Source

I got this problem from Rustan Leino, who learned about it from Lyle Ramshaw. See also puzzles 19 and 20 on the following large collection of mathematical puzzles. A more challenging generalization of this problem is at the following link.

I solved it and wrote up my solution.

Problem

In this problem, you and a partner are to come up with a scheme for communicating the value of a hidden card in a normal 52-card deck. The game is played as follows:

- Once you and your partner have finished strategizing, your partner is sent out of the room.
- The dealer hands you five cards from the deck.
- You look at the cards and hand them back to the dealer, one by one, in whatever order you choose.
- The dealer lays them in a row in the order you gave them to the dealer. The dealer puts the first card face-down and the rest face-up. Thus, while you control the order of the cards, you have no control over their orientations. So, you can't use orientation to transmit information to your partner.
- You leave the room and your partner enters the room.
- Your partner looks at the cards and the order in which they lie and, from that information (and your previously-agreed-upon game plan), guesses the face-down card. If the guess is correct, you win.

What scheme can you and your partner use to always win?

Solution
Reveal

First, choose a pair of cards of the same suit. This must be possible since you're handed more cards than there are suits. Next, pick the card in that pair that's 1–6 ranks higher than the other, if one considers ranks to wrap around, and let $n$ be the number of ranks that card is higher than the other card. This must be possible since there are only 13 cards in each suit. For instance, if the two cards are the 3 and Q of hearts, then you choose the 3 and let $n = 4$ since the 3 is four ranks higher than the Q, counting Q-K-A-2-3.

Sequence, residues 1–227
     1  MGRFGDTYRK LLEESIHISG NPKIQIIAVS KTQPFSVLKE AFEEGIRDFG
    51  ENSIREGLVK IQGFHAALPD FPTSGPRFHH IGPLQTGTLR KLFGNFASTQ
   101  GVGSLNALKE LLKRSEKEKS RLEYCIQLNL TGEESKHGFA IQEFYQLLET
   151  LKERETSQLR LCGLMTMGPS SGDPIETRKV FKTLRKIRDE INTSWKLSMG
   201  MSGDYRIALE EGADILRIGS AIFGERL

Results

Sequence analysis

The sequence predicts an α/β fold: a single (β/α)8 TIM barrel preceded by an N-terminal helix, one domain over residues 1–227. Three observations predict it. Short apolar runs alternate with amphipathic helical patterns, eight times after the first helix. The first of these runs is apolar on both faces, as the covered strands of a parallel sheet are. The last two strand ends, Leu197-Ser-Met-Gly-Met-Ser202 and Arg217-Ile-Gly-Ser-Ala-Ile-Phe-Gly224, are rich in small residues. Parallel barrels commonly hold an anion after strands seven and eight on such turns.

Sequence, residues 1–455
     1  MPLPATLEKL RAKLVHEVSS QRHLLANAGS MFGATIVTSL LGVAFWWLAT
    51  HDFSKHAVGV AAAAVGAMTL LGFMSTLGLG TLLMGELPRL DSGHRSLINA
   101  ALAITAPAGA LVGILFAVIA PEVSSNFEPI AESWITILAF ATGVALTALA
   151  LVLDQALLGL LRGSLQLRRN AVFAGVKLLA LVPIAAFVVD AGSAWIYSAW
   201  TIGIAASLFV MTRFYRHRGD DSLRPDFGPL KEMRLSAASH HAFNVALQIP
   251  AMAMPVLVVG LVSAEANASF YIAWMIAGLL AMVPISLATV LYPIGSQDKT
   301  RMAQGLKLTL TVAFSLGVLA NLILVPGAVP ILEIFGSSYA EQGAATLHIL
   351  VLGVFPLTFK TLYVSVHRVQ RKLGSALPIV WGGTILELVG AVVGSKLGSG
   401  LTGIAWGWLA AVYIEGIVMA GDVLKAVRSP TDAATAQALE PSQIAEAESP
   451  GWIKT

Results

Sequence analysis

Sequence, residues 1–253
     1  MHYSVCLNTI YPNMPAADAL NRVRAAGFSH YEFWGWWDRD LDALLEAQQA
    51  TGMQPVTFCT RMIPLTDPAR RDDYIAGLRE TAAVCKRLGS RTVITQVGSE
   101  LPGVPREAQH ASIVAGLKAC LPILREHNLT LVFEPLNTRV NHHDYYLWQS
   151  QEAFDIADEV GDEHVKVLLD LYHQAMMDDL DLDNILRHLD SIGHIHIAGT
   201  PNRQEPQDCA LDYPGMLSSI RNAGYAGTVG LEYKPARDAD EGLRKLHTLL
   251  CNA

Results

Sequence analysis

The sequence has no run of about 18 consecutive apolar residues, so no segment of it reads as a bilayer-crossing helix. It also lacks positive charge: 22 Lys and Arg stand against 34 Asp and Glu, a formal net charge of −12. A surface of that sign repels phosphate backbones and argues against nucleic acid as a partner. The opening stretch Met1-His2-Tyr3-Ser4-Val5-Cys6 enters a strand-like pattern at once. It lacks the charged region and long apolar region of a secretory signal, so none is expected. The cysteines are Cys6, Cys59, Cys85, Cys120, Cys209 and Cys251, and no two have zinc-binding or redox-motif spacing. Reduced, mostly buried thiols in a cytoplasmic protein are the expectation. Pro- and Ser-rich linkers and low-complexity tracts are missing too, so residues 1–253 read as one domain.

Next, hand the dealer the chosen card, followed by the other card in the pair.

Finally, compute the $n$th lowest permutation of your remaining three cards, using whatever sort order you agree on with your partner. This must be possible since there are six possible permutations and $1 \leq n \leq 6.$ Hand the dealer those three cards in the order given by that permutation.

When your partner comes in the room, they can compute $n$ based on the permutation they see of the last three cards. They can determine the suit of the hidden card from the suit of the first face-up card. Finally, they can add $n$ to the first face-up card's rank to determine the rank of the hidden card.